The Traveller's Association Races, we mark down on our calender as being the special events ... when a TA event is happening, the ring-around starts within the groups.
If Regattas held races for individual classes like the Dragon or the Flying Fifteen only, without grouping the small open keelboats as a combined division, many regattas outside of the major regions would get very little participation here.
Don't stand allone as a Class if the Class is small, become part of a larger group, that is how participation is guaranteed here.
Off the beach catamarans group their Classes as do Yachts and Trailable Yachts. All Class Associations need to be practical ... and have their boats fit within the right group. Dragons have a dinghy Class yardstick as do the other small open keelboats that I mentioned, linking the Dragon to these Class Associations would be appropriate?
We might be thought of as being a strong sailing nation but our Class Associations when standing alone, are often very small ... where as our combined Divisions are much stronger. The Sydney to Hobart Classic is a perfect example. None of the Divisions in the IRC, PHS or Cruising Division except for IRC Division D had more than a handful of boats and if broken into Class Association ... nothing basically. The Sydney to Hobart Classic had 83 starters.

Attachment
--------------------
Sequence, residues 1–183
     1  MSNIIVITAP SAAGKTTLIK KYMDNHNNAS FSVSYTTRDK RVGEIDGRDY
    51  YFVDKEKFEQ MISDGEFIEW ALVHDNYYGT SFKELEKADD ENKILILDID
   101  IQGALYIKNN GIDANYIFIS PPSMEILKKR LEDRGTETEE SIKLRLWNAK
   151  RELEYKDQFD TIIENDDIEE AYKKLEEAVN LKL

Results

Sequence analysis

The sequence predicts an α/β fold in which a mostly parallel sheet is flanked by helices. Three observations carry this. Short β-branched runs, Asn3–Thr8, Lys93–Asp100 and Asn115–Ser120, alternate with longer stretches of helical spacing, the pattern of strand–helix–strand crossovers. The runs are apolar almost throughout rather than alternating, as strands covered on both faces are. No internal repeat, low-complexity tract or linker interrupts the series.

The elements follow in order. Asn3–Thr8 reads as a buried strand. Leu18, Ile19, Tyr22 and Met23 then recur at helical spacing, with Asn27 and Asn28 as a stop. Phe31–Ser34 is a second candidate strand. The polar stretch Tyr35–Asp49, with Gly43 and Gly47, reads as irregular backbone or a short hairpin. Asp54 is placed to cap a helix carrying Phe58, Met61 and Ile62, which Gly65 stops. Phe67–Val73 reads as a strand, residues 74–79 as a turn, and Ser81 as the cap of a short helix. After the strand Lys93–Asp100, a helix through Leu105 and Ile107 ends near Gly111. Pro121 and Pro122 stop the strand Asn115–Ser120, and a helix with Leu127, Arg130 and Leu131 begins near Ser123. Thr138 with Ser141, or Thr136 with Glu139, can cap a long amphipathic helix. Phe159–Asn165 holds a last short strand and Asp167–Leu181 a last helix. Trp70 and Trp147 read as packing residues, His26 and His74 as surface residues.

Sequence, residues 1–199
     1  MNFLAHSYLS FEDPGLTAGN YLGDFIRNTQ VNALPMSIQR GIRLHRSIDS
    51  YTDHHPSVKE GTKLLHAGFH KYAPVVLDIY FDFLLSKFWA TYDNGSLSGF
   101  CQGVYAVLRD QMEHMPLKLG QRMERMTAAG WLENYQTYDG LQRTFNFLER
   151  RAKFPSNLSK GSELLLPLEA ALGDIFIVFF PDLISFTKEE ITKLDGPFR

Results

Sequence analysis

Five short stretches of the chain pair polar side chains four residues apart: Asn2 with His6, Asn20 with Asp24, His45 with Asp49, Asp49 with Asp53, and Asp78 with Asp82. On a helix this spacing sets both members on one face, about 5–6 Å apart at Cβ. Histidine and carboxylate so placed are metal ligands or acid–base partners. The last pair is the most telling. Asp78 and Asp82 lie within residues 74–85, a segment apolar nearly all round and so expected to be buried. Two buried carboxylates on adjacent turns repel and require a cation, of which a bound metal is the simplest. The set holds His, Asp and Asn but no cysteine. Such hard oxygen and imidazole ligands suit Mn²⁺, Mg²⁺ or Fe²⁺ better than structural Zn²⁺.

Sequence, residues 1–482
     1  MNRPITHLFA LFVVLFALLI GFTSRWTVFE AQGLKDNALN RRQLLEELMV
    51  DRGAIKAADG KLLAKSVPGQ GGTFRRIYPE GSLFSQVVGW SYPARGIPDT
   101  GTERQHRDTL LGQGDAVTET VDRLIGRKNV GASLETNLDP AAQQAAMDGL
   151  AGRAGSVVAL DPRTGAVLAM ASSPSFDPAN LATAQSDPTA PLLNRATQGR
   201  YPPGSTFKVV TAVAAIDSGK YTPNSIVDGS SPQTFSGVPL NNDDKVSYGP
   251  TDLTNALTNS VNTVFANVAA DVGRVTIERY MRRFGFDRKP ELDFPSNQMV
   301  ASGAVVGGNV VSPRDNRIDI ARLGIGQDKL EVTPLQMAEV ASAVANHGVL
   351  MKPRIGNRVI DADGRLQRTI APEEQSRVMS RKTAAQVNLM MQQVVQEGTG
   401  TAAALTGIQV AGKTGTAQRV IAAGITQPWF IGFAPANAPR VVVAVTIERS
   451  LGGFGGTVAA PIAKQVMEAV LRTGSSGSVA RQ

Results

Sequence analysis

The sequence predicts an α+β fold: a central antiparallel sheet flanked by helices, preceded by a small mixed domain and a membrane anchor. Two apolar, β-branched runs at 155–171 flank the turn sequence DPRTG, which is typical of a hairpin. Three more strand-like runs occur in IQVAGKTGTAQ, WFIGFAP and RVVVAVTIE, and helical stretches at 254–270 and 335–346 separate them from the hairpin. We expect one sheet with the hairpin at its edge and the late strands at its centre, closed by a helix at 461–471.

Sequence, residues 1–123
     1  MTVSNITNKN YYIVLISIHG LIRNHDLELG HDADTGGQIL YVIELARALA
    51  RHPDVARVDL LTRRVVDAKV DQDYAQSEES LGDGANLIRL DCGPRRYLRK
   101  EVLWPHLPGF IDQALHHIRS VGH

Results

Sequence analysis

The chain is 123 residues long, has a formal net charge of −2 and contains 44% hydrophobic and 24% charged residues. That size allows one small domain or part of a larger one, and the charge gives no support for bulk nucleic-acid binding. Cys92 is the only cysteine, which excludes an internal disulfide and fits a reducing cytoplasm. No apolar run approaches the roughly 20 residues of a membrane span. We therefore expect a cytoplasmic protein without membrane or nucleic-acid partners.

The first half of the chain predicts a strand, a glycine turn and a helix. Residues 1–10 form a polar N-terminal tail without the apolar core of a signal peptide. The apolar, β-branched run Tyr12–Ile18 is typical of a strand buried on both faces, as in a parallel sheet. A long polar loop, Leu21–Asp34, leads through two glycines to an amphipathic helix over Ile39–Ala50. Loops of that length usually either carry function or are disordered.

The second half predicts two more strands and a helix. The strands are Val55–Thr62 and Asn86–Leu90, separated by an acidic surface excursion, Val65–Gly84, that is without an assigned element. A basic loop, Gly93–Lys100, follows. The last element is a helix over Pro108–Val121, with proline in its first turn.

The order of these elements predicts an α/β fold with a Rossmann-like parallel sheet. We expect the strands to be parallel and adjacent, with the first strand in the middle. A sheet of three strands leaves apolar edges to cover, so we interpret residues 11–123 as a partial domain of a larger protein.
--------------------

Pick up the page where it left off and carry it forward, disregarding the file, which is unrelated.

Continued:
12-31-2007, 12:05 PM
a mixed bag fleet of Dragons, T-birds, and hopefully 30 squares will converge on Lake Union in Seattle to sail the Norm Blanchard regatta. I can't wait.
In a similiar vein, the Port Huron 6mR's and 30 squares sail together every week in one fleet. I agree with your point, Warren. I actually like that kind of sailing and have had some of my most fun racing in big handicap fleets.